6. 6. Tool Box Seminar limited number of spe- CREDIT: DANKA THALMEINEROVA cialized programs deal- ing with water resources management. According the participants, none of the educational programs has focused exclusive- ly on IWRM. Some pro- grams are of a short-term nature, co-funded by EU education schemes such as Leonardo and Socrates. However, the programs often close down when the external support dries out. This could be solved by embedding IWRM in the mainstream curricu- la, which is unfortunately rarely used due to the lack of a systematic approach, knowledge, expertise, and study materials. The first part of the semi- nar gave an insight into the Tool Box philoso- phy. The main idea was to show that Tool Box case studies can be used for assignments related to water management, de-Participants of the Tool Box seminar in Svaty Jur, Slovakia velopment and use. Tool Box offers real life casesON SEPTEMBER 8-9, 2006, ACADEMIA ISTRO- in universities and institutes of higher ed- which can be analysed and compared, using thePOLITANA NOVA HOSTED AN INTERNATIONAL ucation. Since its launch in 2001, the Tool tool system.IWRM TOOL BOX SEMINAR, SPECIALLY DE- Box has been sharing experience in gettingSIGNED FOR ACADEMIC FELLOWS, IN SVATY IWRM principles into work. It also provides In the second part, the participants presented theirJUR, SLOVAKIA. tools for designing national integrated wa- experience with using IWRM in their respective ter management plans. universities. They discussed the potential of edu- cational institutions with respect to the adoption To respond to new challenges, a Tool Box Task of new multidisciplinary knowledge, opportunities Force, in cooperation with the Academia Istro- for the training of teachers and the role of uni- politana Nova and GWP CEE Regional Secretari- versities in providing assistance to governments in at, organized a seminar which brought together complying with EU water legislation. junior teachers from 8 CEE countries. The mainAccording to the recent survey, IWRM princi- objective of the seminar was to introduce the During the final part, the participants had directples, despite their acceptance at the policy lev- Tool Box as a source of knowledge on IWRM in on-line access to the Tool Box web page and as-el, are not well used in higher education. One university education. University teachers, deal- sessed the possibly of using it in real education.of the main reasons is that the design of wa- ing with water and/or environmental issues Here are some of their comments:ter policy is not linked to the education system, were the primary target group. In total, 15 par- the tools are structured in such way that itschool curricula are not flexible enough to ad- ticipants from Bulgaria, Estonia, Latvia, Poland, fits into the broader IWRM picturedress new knowledge and educational material Romania, Slovakia Slovenia, and Ukraine at- the case studies might be used as a “tem-can be found in electronic version rather than in tended the seminar. plate” in exercises and group worksacademic books. it provides up-to-date information and ap- Generally, there are many universities that plies a holistic approachHowever, the CEE region has an excellent have environmental (water resources) cur- the presented case studies are checked foropportunity to use the Tool Box, especially ricula in CEE countries. However, there are a content and quality 6
  7. 7. the cases can be replicated in projects, and pear in the curricula. In some countries, teach- University libraries are a natural resource for developed and adjusted to the specific reality ers are invited to support policy making, though Tool Box publications. of each country. this is not systematic. Teachers need further assistance in trainingThe participants also noticed that at the mo- on IWRM through Tool Box in seminars, sum-ment universities do not have any common The seminar was concluded by the following mer schools, etc.platform for exchanging experience and infor- recommendations: GWP should support the educational com-mation. Teachers lack methodological support Tool Box deserves broader promotion elec- munity in its efforts to bring IWRM closer toand have to deal with “ad hoc” topics which ap- tronically and in print. the young generation.Integrated River Basin Management in SloveniaSLOVENIA RIVERS FEED TWO MAJOR BASINS –THE To date, experts have compiled information on get the public and interested organisations onDANUBE RIVER AND THE ADRIATIC SEA BASINS the quality, quantity and dynamic status of the board, to inform and consult them on a timely water regime, ecological conditions and wa- basis regarding the preparation of plans.In 2000, Slovenia started work on the interna- ter use, as well as activities influencing waters.tional Danube River Basin Management Plan in They have prepared scenarios to ensure enough Given the above, it may be concluded that thecooperation with the International Commission water for animals and plants without compro- implementation of the EU Water Framework Di-for the Protection of the Danube River (ICPDR). mising the developmental needs of humans. rective represents a major challenge for Slovenia, as it requires considerable interdisciplinary work,A year later, Slovenia chose eco-regions and Stakeholders, the interested public and NGOs took innovation and, in particular, the readiness of ex-watercourse types and set the number of basins an active part in the development of proposals perts, administrative officers, authorities, non-and sub-basins, in line with the Water Frame- and guidelines for water management and action governmental organizations and individuals towork Directive (WFD). These are the keystones programmes. These documents represent an ex- engage in dialogue and demonstrate tolerance.for the preparation of the so-called river ba- pert basis for the decision making process at local,sin management plans. The officials very soon regional and national levels. In addition, the docu- However, only the implementation of thesefound out that there was not much time left, if ments define the tasks and responsibilities for in- plans will bring about the expected results andthey wanted to comply with WFD deadlines. tegrated and sustainable water management. fulfil set goals. Therefore, a national regula- tion on integrated water management shouldAs a result, Slovenia has begun preparation of The objectives of the plans are to: be adopted in order to provide the necessaryriver basin and sub-basin management plans protect the hydrological, hydro morphologi- guidelines. In Slovenia, the responsibility forfor larger watercourses, such as the Kokra, cal and ecological potential of waters; overall management and financing of the inte-Dragonja, Drava, Idrijca, Kolpa, Kamniška Bistri- keep up with environmental standards, pol- grated plans shall be taken over by governmen-ca and Sava rivers. This included a pilot experi- lution limits and international conventions on tal bodies, e.g. development agencies.ment involving the Krka River.In this context, it was necessary to carry outfield work which would provide up to date in-formation for the river basin managementplan. Interdisciplinary expert teams preparedthe plans which ensured that they were inte-grated across sectors, such as water use, agri-culture and environmental protection. In thecase of trans-boundary rivers and their tribu-taries, the preparatory work was done in co-operation with authorities and specialists inneighbouring countries.Integrated water management plansIntegrated water management plans are key-stones for future water management, as theytake into account the hydrological, hydro-morphological, ecological, as well as technicaland nature protection features of an area. Theplans also consider the developmental needsand development potential of the area. How- the protection of the environment and nature; Liviana Borko, M.Sc., Employee of Ministry of theever, it is very important to ensure appropri- ensure and promote rational use of water re- Environment and Spatial Planning, Inspectorate ofate administrative arrangements for the river sources, in particular in industry through the the Republic of Slovenia for the Environment andbasin in question, including the establishment introduction of closed circuit cooling water in- Spatial Planning, e-mail: competent administration and inspections. stead of flow-through systems; 7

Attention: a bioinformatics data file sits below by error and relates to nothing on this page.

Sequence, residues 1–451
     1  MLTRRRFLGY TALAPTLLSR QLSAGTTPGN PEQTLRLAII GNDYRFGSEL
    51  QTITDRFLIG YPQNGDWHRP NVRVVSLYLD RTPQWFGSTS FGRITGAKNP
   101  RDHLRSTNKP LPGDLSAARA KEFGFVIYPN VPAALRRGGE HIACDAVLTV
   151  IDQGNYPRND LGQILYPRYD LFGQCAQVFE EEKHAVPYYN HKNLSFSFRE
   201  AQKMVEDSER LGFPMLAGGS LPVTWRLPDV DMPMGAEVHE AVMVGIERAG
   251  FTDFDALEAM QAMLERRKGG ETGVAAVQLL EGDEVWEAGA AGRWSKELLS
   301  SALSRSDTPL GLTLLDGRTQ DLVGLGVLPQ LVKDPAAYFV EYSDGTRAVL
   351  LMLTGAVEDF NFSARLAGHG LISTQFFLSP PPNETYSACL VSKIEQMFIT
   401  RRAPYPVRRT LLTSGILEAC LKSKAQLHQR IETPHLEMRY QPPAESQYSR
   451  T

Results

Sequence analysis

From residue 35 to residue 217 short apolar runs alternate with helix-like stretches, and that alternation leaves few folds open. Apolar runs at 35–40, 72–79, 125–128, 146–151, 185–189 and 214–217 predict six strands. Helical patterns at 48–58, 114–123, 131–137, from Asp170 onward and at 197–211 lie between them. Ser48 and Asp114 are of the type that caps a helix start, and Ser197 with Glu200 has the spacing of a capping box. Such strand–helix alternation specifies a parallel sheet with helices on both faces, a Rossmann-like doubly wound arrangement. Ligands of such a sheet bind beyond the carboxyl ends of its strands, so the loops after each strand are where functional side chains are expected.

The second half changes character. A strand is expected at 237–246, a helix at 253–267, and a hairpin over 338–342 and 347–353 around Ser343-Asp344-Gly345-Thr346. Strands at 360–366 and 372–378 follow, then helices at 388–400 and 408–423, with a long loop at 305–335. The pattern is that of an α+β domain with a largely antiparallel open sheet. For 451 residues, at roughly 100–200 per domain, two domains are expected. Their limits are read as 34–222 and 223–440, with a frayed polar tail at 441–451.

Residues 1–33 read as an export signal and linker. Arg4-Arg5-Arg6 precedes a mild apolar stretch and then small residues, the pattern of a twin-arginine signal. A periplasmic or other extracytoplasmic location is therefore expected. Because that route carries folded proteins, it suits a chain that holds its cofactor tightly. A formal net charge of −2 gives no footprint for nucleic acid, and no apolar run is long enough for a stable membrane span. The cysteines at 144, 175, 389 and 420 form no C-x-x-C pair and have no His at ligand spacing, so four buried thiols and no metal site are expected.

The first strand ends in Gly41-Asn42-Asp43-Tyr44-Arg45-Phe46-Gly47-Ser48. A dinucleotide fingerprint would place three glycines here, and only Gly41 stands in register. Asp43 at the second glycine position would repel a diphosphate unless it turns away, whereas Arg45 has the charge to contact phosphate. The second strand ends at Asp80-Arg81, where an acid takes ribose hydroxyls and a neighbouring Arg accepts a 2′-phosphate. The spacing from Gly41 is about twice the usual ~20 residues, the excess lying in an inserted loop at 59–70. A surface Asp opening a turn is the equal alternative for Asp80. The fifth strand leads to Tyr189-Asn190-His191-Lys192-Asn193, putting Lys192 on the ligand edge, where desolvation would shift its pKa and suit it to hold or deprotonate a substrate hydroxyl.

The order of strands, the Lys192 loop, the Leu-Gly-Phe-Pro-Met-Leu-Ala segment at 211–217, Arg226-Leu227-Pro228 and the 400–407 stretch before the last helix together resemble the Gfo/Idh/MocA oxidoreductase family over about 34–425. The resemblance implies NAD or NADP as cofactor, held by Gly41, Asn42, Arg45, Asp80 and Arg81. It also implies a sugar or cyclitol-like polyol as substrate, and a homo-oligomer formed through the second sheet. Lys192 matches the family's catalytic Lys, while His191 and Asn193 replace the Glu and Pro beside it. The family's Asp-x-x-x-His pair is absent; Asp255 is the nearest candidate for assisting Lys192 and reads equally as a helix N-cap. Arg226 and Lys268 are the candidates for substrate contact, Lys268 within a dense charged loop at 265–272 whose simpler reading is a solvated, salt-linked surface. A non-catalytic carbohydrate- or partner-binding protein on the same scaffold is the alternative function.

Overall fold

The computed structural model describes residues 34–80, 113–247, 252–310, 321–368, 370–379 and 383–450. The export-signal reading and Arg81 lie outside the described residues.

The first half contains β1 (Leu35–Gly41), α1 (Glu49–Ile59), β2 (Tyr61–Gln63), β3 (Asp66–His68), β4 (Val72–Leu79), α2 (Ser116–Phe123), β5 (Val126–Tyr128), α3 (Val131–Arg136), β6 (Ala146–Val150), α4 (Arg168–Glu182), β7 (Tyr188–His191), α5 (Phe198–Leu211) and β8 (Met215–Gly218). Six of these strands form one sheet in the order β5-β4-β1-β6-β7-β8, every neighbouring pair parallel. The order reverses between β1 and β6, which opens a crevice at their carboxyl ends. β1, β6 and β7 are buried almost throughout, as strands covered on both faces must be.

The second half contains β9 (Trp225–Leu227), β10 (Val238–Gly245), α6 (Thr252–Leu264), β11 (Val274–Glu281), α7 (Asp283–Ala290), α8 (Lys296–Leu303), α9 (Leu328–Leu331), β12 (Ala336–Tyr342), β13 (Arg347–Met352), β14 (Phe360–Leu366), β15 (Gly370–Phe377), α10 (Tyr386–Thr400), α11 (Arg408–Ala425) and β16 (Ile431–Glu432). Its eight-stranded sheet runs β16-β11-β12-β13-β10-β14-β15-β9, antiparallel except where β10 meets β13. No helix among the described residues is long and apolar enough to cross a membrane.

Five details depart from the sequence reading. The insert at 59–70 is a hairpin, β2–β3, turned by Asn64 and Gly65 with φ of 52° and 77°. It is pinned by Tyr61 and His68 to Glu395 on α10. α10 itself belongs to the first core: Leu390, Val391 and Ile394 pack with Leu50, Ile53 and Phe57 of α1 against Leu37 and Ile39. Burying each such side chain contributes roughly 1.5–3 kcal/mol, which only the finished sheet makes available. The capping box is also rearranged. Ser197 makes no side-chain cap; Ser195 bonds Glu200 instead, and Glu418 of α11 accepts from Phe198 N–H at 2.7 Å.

8. 8. New IWRM forum for the Cris River in HungaryTHE CRIS RIVER BASIN SPREADS ACROSS THE SOUTH-EASTERN PART OF The main goal of the forum is to strengthen the spirit and activity of theTHE GREAT HUNGARIAN PLAIN. Integrated Water Resources Management (IWRM) in Hungarian water management. It also supports the implementation of the European WFDThe Cris River Basin is a semi-dry area; however, it is often hit by floods. (Water Framework Directive). According to the forum, the process of riverAs a result, water management is high on the local agenda. Many barrag- basin management planning should not only rely on ecological aspectses used for navigation and better water use can be found on the Cris Riv- but on the IWRM as a whole. This is important because attention has toer. The barrage was built one hundred years ago in Bokeny, not far from be drawn not only to the protection of the environment but also to thethe city of Csongrad. It was the first sluice in Central Europe that had a economy and social welfare.ferro-concrete structure. The 100-year anniversary of the unique barragewas celebrated at a scientific memorial meeting. Co-operation is also necessary because in Hungary, as in all former so- cialist countries, changes are ongoing. During the transformation proc-On the occasion of this meeting, five water NGOs decided to set up a collabo- ess, it is crucial that water-related decisions be based on expert opinion.ration forum to take common action on water-related issues. The forum, ini- The new forum brings together the intellectual capacity that will supporttiated by the GWP Hungary Foundation, consists of the Hungarian Hydrolog- more integrated approaches to water management.ical Society, the Hungarian Water Utility Association, the Hungarian Chamber Gyula REICHof Engineers, the National Association of Water Management Companies and President of the Board of Trusteesthe GWP Hungary Foundation. GWP Hungary Foundation CREDIT: GWP HUNGARYIWRM forum signatories Volume 6, Issue No. 2/2006, November 2006 Water Talk is the official newsletter of Global Water Partnership Central and Easter Europe (GWP CEE) published twice a year. Water Talk assists GWP CEE to promote principles of Integrated Water Resourc- es Management (IWRM) in the region of Central and Eastern Europe. The views and opinions of au- thors expressed in this issue Water Talk do not necessarily reflect the views and opinions of GWP CEE. Publisher: GWP CEE - Global Water Partnership Central and Eastern Europe,, Editor: Richard Müller, Language Proofreading: Euro VKM, Ltd, Layout and Printing: TYPOCON, Ltd. Registration No: 3244/2004 ISSN: 1336-5525 GWP CEE – Global Water Partnership Central and Eastern Europe, c/o Slovak Hydrometeorological Institute, Jeseniova 17, 833 15 Bratislava, Slovakia, phone: +421 2 5941 5294, fax: +421 2 5941 5273, e-mail:, http://www.gwpceeforum.org8